Accused of killing Iranian scientists

Are the U.S. and Israel sabotaging Iran's nuclear program by assassinating the country's nuclear experts?

The assassination of Iranian scientists “is gradually turning into a national problem,” said the Iranian Ruzegar in an editorial. Last week, Darioush Rezaeinejad was killed in a drive-by shooting at his home. Rezaeinejad was an electronics student, but his name is very similar to that of Dariush Rezai, a nuclear physicist, raising speculation that the assassins had mistaken him for their true target. Rezai would have been the fourth scientist to be murdered within two years. The three scientists that were killed had all been working on nuclear projects—and we know who is responsible. Iranian parliament Speaker Ali Larijani called the killing an “American-Zionist act of terror” and warned that “the Americans must think carefully about the consequences of such acts.” Gen. Mohammad Reza Naqdi, the head of the Basij militia, outlined those consequences when he said that, because America uses Israel as its proxy for killing Iranians, “we have no option but to remove the Zionist regime from the annals of history.” This would be the only way, he said, “for our scientists to continue with their scientific jihad in full security.”

The culprits “may well be the United States” and Israel, said Alexander Reutov in the Moscow Kommersant. Rezai isn’t the first Iranian scientist to be targeted. “Physical elimination of enemies of Israel is the signature of Mossad,” the Israeli intelligence service, but its actions presumably have the blessing, or even support, of the CIA. Consider the “curious case” of Shahram Amiri, a physicist who disappeared in 2009 during a pilgrimage to Mecca and showed up a year later at the Pakistani Embassy in Washington, claiming he had been kidnapped by U.S. intelligence. My money’s on Mossad, not the CIA, said Brian Downing in the Hong Kong Asia Times. U.S. threats against Iran “dropped off markedly” in 2007, right when Iran-backed Shiite militias stopped attacking U.S. forces in Iraq. Coincidence? No, it’s “a sign that a confidential agreement had been reached between the two states.” But that left Israel in the lurch and “livid” that Iran’s nuclear program, which it considers a threat to its existence, was free to continue.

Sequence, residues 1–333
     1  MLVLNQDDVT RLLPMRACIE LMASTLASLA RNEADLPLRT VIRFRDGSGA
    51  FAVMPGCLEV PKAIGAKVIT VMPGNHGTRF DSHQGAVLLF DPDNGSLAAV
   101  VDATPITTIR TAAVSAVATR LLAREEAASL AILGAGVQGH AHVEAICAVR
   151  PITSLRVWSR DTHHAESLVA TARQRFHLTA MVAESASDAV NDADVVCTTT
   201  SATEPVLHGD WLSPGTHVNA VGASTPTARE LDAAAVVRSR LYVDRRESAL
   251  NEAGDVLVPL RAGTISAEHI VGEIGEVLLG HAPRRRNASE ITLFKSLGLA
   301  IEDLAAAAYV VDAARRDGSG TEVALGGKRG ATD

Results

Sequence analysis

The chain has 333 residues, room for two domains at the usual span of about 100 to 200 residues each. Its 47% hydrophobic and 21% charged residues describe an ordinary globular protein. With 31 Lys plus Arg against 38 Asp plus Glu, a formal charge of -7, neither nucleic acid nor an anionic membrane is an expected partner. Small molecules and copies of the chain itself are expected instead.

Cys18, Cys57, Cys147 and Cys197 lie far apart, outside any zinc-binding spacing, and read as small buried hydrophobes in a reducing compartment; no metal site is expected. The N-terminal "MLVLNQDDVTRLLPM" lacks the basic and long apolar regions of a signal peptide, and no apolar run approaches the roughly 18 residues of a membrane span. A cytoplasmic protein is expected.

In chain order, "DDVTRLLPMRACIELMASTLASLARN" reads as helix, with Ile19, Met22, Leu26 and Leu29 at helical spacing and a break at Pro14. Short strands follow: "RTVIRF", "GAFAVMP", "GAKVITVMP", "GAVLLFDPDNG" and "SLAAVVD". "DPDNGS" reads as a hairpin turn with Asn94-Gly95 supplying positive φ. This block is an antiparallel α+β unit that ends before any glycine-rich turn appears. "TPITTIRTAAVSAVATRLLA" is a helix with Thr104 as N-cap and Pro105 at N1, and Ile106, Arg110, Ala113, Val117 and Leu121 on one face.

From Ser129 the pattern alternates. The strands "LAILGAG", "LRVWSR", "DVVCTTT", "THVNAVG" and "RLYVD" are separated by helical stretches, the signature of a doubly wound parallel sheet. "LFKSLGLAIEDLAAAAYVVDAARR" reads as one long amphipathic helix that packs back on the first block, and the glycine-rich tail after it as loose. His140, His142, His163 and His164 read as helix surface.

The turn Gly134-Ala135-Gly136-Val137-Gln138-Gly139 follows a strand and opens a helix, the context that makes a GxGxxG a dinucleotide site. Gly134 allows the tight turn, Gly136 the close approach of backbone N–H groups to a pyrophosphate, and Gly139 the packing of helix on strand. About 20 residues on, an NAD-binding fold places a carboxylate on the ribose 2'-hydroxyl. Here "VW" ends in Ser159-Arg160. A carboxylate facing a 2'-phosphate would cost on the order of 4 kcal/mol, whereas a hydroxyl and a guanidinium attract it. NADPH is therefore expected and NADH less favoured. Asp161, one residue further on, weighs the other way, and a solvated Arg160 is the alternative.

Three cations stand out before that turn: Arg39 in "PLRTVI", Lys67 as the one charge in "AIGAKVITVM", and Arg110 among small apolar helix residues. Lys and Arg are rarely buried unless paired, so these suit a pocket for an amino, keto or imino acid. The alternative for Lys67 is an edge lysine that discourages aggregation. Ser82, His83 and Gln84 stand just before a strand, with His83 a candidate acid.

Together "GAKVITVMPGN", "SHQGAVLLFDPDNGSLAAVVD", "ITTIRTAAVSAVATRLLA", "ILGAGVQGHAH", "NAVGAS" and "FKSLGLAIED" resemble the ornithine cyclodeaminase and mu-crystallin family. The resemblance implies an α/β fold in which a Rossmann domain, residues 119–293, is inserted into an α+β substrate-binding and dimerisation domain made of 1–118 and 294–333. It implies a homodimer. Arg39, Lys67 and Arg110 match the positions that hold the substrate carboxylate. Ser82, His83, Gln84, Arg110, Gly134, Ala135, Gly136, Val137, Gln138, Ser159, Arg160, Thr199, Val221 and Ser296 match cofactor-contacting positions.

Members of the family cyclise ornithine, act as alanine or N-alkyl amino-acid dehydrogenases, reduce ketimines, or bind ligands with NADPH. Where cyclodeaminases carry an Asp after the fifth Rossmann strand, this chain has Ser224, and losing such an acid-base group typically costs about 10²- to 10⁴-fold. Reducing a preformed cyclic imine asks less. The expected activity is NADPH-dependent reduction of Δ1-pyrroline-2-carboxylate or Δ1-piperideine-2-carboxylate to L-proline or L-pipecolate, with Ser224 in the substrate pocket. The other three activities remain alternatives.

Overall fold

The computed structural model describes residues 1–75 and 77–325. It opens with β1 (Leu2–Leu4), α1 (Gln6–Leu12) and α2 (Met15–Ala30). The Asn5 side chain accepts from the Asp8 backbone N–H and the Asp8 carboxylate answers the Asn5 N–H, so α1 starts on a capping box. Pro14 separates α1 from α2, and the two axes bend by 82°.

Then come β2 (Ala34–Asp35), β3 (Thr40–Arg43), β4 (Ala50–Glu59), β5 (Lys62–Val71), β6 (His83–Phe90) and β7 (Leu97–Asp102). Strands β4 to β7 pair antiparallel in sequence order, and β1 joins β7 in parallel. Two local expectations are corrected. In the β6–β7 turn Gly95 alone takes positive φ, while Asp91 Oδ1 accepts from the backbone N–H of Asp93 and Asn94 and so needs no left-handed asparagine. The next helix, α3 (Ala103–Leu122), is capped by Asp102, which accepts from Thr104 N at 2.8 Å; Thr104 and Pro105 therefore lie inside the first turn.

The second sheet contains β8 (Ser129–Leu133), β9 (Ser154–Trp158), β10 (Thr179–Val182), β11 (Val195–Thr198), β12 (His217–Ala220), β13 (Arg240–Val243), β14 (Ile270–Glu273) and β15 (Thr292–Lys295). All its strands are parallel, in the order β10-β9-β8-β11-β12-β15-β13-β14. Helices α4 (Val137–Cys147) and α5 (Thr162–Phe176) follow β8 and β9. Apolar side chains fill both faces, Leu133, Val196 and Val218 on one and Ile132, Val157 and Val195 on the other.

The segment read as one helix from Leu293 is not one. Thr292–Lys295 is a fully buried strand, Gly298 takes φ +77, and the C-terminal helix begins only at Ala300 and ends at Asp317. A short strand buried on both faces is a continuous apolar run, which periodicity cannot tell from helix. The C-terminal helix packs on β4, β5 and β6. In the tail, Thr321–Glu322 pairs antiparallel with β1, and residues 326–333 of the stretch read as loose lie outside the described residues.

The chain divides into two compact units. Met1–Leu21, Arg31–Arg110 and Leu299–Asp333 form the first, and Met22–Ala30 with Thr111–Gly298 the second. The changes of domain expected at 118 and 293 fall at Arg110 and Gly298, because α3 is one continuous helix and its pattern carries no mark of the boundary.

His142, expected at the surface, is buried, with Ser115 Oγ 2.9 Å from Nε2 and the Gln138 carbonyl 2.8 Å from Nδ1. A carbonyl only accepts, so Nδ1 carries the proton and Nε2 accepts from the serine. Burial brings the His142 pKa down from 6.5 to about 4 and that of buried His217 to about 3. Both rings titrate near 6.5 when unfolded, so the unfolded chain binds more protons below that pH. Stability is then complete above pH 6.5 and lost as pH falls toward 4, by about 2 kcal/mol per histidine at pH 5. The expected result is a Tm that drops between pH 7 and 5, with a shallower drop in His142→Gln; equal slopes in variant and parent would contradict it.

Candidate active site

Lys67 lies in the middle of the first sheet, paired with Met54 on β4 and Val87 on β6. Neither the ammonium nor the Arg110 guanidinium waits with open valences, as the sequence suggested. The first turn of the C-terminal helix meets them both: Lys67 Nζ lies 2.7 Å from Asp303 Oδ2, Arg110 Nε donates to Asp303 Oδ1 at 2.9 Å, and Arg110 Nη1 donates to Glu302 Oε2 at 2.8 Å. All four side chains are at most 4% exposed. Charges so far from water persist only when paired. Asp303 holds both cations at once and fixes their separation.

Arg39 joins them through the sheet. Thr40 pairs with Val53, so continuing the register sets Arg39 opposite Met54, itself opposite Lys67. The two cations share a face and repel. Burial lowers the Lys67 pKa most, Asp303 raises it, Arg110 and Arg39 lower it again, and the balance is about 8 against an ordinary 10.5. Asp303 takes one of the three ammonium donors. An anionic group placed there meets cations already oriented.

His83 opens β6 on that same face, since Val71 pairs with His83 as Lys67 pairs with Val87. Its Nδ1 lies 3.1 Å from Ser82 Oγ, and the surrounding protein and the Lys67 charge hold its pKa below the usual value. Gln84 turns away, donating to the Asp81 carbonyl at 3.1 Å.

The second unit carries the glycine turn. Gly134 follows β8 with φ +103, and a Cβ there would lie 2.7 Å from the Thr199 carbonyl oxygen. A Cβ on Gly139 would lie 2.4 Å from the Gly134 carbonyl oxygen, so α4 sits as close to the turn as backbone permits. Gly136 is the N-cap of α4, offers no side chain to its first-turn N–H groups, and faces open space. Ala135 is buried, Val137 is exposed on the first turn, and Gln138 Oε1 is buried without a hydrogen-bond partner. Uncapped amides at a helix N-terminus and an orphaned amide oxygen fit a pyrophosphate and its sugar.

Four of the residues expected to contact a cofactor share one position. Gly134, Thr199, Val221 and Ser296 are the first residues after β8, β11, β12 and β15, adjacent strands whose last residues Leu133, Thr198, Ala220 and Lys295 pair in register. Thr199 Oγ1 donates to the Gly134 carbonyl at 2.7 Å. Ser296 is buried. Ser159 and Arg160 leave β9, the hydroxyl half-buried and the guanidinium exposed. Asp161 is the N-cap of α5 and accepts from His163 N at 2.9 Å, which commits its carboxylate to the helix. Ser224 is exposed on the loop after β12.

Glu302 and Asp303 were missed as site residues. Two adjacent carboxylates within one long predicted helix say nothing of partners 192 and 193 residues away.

The field has obviously been ceded to the spies, said Guido Olimpio in the Milan Corriere della Sera. Diplomacy has failed to stop Iran’s nuclear program, so the U.S. and Israel are sabotaging it, and not only through assassinations. In the past two years, there have been unexplained explosions at Iranian military bases, nuclear equipment has been damaged, and the mysterious Stuxnet computer virus laid waste to the centrifuges that enrich uranium. But the Iranians “are not standing by with their arms folded.” They have unleashed their own covert operations against the West. “The danger some people fear is that the clash may get out of hand.”

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Iran will not be cowed, said Seyyed Hamid Hosseini in the Iranian Khorasan. The West obviously believes that picking off our experts and scientists will frighten us into ending our lawful nuclear activities. The opposite is true. “The fact that the enemy is ready to take such measures to prevent Iran from achieving nuclear capability only redoubles our will to carry on.”

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